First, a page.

International World Whisky Day 15 May 2021
On the third Saturday of May every year, whisky lovers worldwide raise a dram and celebrate the “water of life” (from the Irish Gaelic uisge beatha or the Scottish Gaelicor uisge beatha). First founded in 2012 by whisky consultant Blair Bowman, International World Whisky Day is an annual celebration of the alcoholic spirit. This year, it will take place on Saturday 15th May (though perhaps some of you have been celebrating it every day since the lockdown started!). Although it may seem a bit far-fetched, beer and whisky actually go hand in hand, as whisky is a strong beer without hops that has been distilled two or three times. In all fairness, I have to mention that there is also World Beer Day (another interesting drink, especially as far as the Germans are concerned), but let’s focus on whisky for now.
Whisky¹ has a rich history dating back centuries, and producers have developed distinctive distillation and ageing techniques to provide plenty of variety. Historians believe the distillation process to have first originated in ancient Mesopotamia (today, parts of Iraq and Syria). Christian missionary monks from Celtic lands brought pot distilling techniques to Scotland and Ireland sometime between 1100 and 1300 AD. It is generally assumed that whisky was invented by medieval Irish monks, who probably shared their knowledge with the Scots during their missions. Since wine was not readily available, they distilled barley beer into a liquor that became whisky. The first written records of whisky production – mentioned in Scotland as ‘aqua vitae’ – date back to the 15th century where it found favour with the king, James IV of Scotland, who had a great liking for Scotch Whisky. Following the dissolution of the monasteries, whisky production moved out of the monastic setting and into private premises and farms. Many of the newly independent monks would support themselves in secular life by starting their own distilleries.
By the mid-1600’s, as the European colonists began to arrive in America, they brought the practice of distilling whisky with them. As Scottish and Irish immigrants settled in the new territories, they began cooking new types of mash² with the grains that were available, primarily corn. After many years of producing whisky and seeing its value to the general population, distillers often used the liquor as a currency during the American Revolutionary War. The most famous type of American whisky is probably Bourbon, named after the Bourbon County in Kentucky, which by law must be made with a minimum of 51 per cent corn and aged in a brand-new, charred white oak barrel. No less known and just as popular are Tennessee whisky, rye whisky and blended American whisky.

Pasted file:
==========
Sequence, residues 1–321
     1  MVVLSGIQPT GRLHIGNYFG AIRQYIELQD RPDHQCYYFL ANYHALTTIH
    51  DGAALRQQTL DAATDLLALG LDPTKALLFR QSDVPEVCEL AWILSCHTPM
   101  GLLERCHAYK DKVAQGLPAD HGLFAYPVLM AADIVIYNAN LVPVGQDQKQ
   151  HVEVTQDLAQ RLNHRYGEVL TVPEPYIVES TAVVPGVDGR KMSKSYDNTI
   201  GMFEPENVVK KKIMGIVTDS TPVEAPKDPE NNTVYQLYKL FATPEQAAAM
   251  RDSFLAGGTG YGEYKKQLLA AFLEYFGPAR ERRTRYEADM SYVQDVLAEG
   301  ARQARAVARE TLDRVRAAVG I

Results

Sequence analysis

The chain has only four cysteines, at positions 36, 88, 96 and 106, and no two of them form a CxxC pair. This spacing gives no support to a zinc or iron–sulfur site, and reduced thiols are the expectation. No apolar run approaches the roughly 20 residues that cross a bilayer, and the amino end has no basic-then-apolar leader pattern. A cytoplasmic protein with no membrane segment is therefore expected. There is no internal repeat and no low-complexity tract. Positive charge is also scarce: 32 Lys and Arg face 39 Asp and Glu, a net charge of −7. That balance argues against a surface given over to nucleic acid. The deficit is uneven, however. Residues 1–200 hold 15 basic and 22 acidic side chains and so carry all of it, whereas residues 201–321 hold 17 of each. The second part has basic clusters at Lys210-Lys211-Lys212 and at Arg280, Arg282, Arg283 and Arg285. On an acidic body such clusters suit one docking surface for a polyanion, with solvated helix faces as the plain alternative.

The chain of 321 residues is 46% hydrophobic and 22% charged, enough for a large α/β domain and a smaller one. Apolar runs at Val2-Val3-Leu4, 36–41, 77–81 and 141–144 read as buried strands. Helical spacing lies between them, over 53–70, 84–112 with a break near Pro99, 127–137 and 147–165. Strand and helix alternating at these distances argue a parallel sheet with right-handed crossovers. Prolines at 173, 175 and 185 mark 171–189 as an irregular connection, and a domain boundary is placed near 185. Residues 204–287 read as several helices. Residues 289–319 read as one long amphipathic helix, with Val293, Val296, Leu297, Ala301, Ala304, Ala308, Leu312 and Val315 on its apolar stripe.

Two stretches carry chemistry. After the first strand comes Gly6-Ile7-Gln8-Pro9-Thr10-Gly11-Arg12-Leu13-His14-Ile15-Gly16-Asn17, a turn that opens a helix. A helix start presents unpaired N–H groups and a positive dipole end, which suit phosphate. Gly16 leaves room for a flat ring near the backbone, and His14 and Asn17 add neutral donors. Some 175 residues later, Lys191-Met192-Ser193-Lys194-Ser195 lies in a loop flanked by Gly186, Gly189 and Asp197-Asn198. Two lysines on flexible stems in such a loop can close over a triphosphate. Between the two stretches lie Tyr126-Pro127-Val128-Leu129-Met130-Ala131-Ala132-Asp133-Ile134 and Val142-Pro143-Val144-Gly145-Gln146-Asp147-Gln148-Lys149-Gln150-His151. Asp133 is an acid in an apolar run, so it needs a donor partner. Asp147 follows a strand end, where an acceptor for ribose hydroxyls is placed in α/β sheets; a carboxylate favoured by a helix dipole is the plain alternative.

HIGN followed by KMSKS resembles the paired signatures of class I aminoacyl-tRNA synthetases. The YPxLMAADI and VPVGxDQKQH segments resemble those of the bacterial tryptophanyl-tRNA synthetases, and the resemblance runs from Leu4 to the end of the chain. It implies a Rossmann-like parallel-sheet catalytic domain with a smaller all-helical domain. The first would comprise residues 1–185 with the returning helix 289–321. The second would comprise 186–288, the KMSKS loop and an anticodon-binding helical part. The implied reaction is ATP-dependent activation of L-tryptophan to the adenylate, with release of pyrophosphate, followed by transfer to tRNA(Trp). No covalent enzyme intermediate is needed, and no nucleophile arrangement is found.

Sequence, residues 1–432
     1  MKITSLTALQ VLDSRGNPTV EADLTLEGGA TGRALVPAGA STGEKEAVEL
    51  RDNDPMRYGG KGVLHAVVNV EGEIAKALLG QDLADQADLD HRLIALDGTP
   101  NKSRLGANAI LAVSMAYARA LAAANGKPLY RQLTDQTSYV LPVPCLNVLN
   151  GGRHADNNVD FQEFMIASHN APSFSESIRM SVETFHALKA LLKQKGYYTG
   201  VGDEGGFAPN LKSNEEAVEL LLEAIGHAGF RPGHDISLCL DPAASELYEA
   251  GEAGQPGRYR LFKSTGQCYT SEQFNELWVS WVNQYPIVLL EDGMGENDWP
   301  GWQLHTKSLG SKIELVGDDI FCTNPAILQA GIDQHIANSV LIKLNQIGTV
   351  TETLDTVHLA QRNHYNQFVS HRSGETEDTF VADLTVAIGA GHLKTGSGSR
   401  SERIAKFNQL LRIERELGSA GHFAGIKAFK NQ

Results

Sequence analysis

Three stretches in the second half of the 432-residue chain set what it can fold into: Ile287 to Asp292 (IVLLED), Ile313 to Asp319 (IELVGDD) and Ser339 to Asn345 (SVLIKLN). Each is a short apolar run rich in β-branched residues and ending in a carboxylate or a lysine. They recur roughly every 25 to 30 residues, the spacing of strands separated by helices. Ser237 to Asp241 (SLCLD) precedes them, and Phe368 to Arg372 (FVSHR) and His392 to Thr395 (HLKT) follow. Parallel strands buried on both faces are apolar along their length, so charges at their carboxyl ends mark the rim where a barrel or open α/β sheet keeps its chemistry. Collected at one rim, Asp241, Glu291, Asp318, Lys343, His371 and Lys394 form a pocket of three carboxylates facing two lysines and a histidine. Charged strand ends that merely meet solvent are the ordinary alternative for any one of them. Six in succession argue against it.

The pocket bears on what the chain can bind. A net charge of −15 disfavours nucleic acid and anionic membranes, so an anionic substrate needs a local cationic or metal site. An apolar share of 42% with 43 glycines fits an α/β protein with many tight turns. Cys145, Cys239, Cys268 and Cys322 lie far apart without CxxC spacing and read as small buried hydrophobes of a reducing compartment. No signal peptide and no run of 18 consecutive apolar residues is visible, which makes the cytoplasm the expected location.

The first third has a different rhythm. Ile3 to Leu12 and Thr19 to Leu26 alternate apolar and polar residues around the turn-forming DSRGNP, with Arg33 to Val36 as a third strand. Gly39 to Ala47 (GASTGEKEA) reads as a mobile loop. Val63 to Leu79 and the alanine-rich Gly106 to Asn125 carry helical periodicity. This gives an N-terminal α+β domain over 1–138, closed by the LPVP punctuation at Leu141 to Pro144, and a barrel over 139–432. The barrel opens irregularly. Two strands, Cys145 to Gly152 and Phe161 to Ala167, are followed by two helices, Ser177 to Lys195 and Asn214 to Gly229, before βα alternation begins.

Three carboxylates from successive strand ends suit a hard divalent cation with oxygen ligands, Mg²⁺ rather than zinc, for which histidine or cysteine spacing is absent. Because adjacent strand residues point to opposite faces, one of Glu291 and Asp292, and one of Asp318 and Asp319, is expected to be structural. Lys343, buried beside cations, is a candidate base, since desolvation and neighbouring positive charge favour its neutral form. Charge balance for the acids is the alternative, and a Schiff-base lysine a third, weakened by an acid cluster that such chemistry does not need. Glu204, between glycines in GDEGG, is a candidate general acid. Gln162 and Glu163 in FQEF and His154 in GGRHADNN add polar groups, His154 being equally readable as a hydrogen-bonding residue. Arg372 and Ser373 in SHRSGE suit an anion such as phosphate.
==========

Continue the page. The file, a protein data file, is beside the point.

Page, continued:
While both Ireland and Scotland claim to have given birth to whisky, they aren’t the only countries to produce it. Besides the USA, others, such as Canada and Japan, also have long, proud whisky-making traditions. Some people may be surprised, but Germany is also on the global whisky map. It may sound incredible, but Germany has around 250 distilleries — more than Scotland does. The trend of making whisky began more than 30 years ago in Bavaria, specifically in Franconia. At his Blaue Maus distillery in Eggolsheim, Robert Fleischmann gave the initial impetus, and his success led many others to follow. In the past 30 years, Bavaria, particularly the Upper and Lower Franconian regions, have become renowned for their high-quality single malt whisky. Located at the Schliersee Lake in the Bavarian Highlands, Slyrs Distillery ranks among one of the best-known German whiskys. Just as good and also worth mentioning are the Ayrer’s Whisky distillery (Hausbrauerei Altstadthof) in Nuremberg and Elch Whisky distillery at Gasthof Seitz in Gräfenberg. So when deciding where to spend your hard-earned money, why not support a local distillery?
How to celebrate World Whisky Day
Improve your tasting skills and start becoming a whisky snob, even if it’s only this particular day or weekend. All you need is a good bottle of single malt or blended whisky to enjoy a dram from the comfort of your own home. Alternatively join a virtual tasting in the (virtual) company of others. It’s up to you to get hold of the whisky for this occasion, but it shouldn’t be too hard to find one after reading this article.
Many distilleries now offer a virtual tour, giving you the chance to see behind the curtain at the distillery process. Some of these virtual tours consist only of a few YouTube videos, but some are indeed quite creative. For example, The Glenturret Distillery (in Scotland) offers a quite fascinating 360-degree virtual tour for free.
If you want to join a special virtual whisky tasting event in May in English, we suggest the “Kilhoman live Whisky tasting” on Sunday 23rd May, 2021 at 6 p.m. with James Wills from Kilchoman and hosted by the Bäckerhof/The Thirsty Baker, Nuremberg. The tasting set consisting of five whiskys of 2 cl each costs 35 Euros plus 5.90 Euros shipping costs. Alternatively, the set can be picked up on Thursday, 20th May 2021 in Nuremberg between 6 p.m. and 7 p.m. at the Bäckerhof, Schlehengasse 2, or in Fürth between 7:30 p.m. and 8:30 p.m. at the Irish Cottage Pub, Waagstraße 1.
- Both “whiskey” and “whisky” are correct. Spelling “whiskey” with an “e” is commonly used in the United States and Ireland, while Scotland and Canada spell it “whisky” without the “e”.
- A “mash” (German: “Maische”) in the world of whisky refers to the mixture of grain, water, and yeast that is initially fermented to produce alcohol. So in a basic sense, all whisky begins life as beer.
- “Cheers” in Irish is “Sláinte” which is pronounced a bit like “slawn-che”. Sláinte means “health”, and if you’re feeling brave, you can say sláinte is táinte (“slawn-che iss toin-che”), meaning “health and wealth”. Whereas he traditional Scottish Gaelic toast when raising a glass is “Slàinte mhath”.